Why Early VR Adopters Have the Advantage

May 30, 2016

Virtual Reality is gaining traction across the globe, in areas as broad as education, health, entertainment and business. Already, Deloitte Global has predicted a $1bn year for the VR industry in 2016, and Digi Capital estimates that this figure will hit $30bn by 2020.

Although those numbers aren't shocking to those of us plugged in to the VR industry, VR is yet to truly become a household-name phenomenon.

For architects and designers already experimenting with VR, this is an enormous advantage. When you hand a headset over to a client or a prospect, the 'wow' factor that comes with a first-time VR experience is what makes using VR in architecture and design amazing. It's a huge attention grabber and conversation starter, but that's not all.

Once the conversation progresses and it's time to get serious, your VR capabilities put you at the front of people's minds and far ahead of the others for technological innovation. You can be pretty sure they won't have experienced this technology with other firms. Before they even close the deal, you're well ahead of the pack.

And that's just the power of VR before the design process begins! Check out our article on How to Save Time and Money using Virtual Reality and How to Supercharge Your Business with Virtual Reality for even more reasons why you should be jumping on the VR bandwagon.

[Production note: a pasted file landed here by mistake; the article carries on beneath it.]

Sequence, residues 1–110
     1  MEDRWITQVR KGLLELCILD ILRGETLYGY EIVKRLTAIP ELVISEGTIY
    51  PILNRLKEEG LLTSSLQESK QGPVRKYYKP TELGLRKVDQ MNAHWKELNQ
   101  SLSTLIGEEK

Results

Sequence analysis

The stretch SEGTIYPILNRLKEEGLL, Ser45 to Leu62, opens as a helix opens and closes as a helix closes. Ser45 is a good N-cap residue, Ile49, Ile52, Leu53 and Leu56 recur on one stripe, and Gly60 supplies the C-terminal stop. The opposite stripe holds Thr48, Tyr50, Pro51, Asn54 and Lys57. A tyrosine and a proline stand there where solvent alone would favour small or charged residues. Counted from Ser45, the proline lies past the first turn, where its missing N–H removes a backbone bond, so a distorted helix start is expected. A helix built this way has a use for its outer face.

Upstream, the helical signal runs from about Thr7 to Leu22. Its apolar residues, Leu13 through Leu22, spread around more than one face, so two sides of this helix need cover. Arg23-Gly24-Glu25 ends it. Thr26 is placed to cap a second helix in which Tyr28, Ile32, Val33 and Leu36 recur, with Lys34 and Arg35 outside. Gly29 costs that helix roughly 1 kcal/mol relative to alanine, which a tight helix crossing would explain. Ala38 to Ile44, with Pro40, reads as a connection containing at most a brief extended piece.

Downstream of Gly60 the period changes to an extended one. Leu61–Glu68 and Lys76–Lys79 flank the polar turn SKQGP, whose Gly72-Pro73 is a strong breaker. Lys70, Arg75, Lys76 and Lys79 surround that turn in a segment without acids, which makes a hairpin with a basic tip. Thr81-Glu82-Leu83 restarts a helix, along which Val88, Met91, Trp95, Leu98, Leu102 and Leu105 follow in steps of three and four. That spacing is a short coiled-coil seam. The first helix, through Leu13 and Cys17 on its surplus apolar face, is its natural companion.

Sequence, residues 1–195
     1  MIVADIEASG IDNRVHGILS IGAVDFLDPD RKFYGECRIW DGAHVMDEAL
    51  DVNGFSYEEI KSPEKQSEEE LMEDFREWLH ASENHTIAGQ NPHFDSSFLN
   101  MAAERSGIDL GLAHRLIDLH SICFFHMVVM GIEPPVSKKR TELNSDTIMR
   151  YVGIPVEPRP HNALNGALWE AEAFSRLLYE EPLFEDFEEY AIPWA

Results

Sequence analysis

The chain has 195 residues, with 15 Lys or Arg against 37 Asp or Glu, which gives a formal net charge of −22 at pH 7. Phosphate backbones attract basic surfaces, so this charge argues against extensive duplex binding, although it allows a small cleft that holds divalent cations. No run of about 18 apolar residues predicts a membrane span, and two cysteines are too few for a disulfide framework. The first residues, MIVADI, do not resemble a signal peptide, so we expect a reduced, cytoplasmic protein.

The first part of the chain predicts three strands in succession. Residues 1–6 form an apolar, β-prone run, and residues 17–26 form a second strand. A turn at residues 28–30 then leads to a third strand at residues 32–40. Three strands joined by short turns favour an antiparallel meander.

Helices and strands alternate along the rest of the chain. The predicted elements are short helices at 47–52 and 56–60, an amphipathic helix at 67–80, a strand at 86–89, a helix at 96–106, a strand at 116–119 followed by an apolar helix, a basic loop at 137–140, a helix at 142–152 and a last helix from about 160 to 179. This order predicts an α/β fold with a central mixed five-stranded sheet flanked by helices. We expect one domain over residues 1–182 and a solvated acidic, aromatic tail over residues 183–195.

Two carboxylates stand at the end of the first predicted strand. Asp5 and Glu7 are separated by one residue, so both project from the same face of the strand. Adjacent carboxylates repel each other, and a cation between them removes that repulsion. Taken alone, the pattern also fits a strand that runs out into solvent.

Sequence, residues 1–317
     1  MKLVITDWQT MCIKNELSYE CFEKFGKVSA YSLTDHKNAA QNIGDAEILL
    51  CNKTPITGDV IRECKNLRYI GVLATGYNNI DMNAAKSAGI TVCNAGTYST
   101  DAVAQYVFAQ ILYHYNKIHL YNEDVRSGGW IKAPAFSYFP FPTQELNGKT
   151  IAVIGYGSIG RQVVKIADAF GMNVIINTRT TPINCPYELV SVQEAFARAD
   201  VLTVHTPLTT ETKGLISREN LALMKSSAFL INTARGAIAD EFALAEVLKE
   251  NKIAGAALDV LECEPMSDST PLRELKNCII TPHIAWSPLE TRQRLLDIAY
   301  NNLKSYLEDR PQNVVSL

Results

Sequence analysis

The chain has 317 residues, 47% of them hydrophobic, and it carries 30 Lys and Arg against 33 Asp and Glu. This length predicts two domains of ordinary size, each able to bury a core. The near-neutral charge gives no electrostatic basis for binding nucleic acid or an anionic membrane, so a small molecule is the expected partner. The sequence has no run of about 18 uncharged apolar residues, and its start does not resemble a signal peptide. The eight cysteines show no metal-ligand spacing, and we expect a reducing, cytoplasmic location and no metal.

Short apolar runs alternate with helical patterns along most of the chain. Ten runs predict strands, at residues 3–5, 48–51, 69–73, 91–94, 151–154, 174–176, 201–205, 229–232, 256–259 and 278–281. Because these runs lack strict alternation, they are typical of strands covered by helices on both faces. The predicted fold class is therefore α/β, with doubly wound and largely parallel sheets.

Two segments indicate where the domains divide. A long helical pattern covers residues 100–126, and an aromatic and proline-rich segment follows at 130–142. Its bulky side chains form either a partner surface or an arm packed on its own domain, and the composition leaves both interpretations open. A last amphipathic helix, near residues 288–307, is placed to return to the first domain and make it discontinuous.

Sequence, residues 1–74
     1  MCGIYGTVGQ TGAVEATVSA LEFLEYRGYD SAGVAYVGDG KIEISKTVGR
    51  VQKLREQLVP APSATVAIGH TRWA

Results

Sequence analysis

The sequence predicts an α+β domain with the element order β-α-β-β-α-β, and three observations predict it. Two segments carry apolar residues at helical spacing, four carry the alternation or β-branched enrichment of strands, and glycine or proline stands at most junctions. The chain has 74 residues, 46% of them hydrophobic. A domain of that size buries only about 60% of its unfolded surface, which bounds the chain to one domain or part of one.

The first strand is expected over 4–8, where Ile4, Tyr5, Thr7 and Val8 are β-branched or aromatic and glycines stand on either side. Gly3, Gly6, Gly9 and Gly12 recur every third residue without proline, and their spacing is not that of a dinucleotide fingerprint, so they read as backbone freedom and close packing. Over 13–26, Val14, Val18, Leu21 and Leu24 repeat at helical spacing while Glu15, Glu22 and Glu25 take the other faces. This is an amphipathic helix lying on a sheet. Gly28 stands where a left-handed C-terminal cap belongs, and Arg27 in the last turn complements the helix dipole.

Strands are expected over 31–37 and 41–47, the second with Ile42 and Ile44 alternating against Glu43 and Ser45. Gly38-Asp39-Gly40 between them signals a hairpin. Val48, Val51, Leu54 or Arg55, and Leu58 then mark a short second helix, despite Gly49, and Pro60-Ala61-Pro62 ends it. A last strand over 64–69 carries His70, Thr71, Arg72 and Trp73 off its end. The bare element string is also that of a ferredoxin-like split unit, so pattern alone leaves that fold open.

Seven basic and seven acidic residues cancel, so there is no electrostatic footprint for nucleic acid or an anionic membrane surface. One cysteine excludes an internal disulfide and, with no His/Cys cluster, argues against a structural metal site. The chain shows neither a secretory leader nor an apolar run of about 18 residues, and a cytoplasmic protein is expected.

Eventually, of course, this advantage won't be so profound. Sure, having a headstart on VR will ensure your technology is always more powerful and valuable than your neighbor's, but it won't be a novelty forever.

When VR becomes standard among architects and interior designers, having VR capabilities will be important simply because you won't be able to compete without it. Eventually, a firm without VR will be like a telemarketer without a phone or a fireman without a hose. This has been the case for the introduction of CAD, BIM and even personal computers in the industry--and VR is no exception.

But right now, VR is an early adopter's game, and those firms who want to lead the way have everything they need to get started right here. Discover the right way to implement VR in architecture and design.


Rachel Chan

Rachel Chan

Rachel is a writer for Yulio, covering all things VR. With a keen interest in creativity and innovation, Rachel enjoys seeing how businesses use VR in their workflow, and how they have been transformed by it.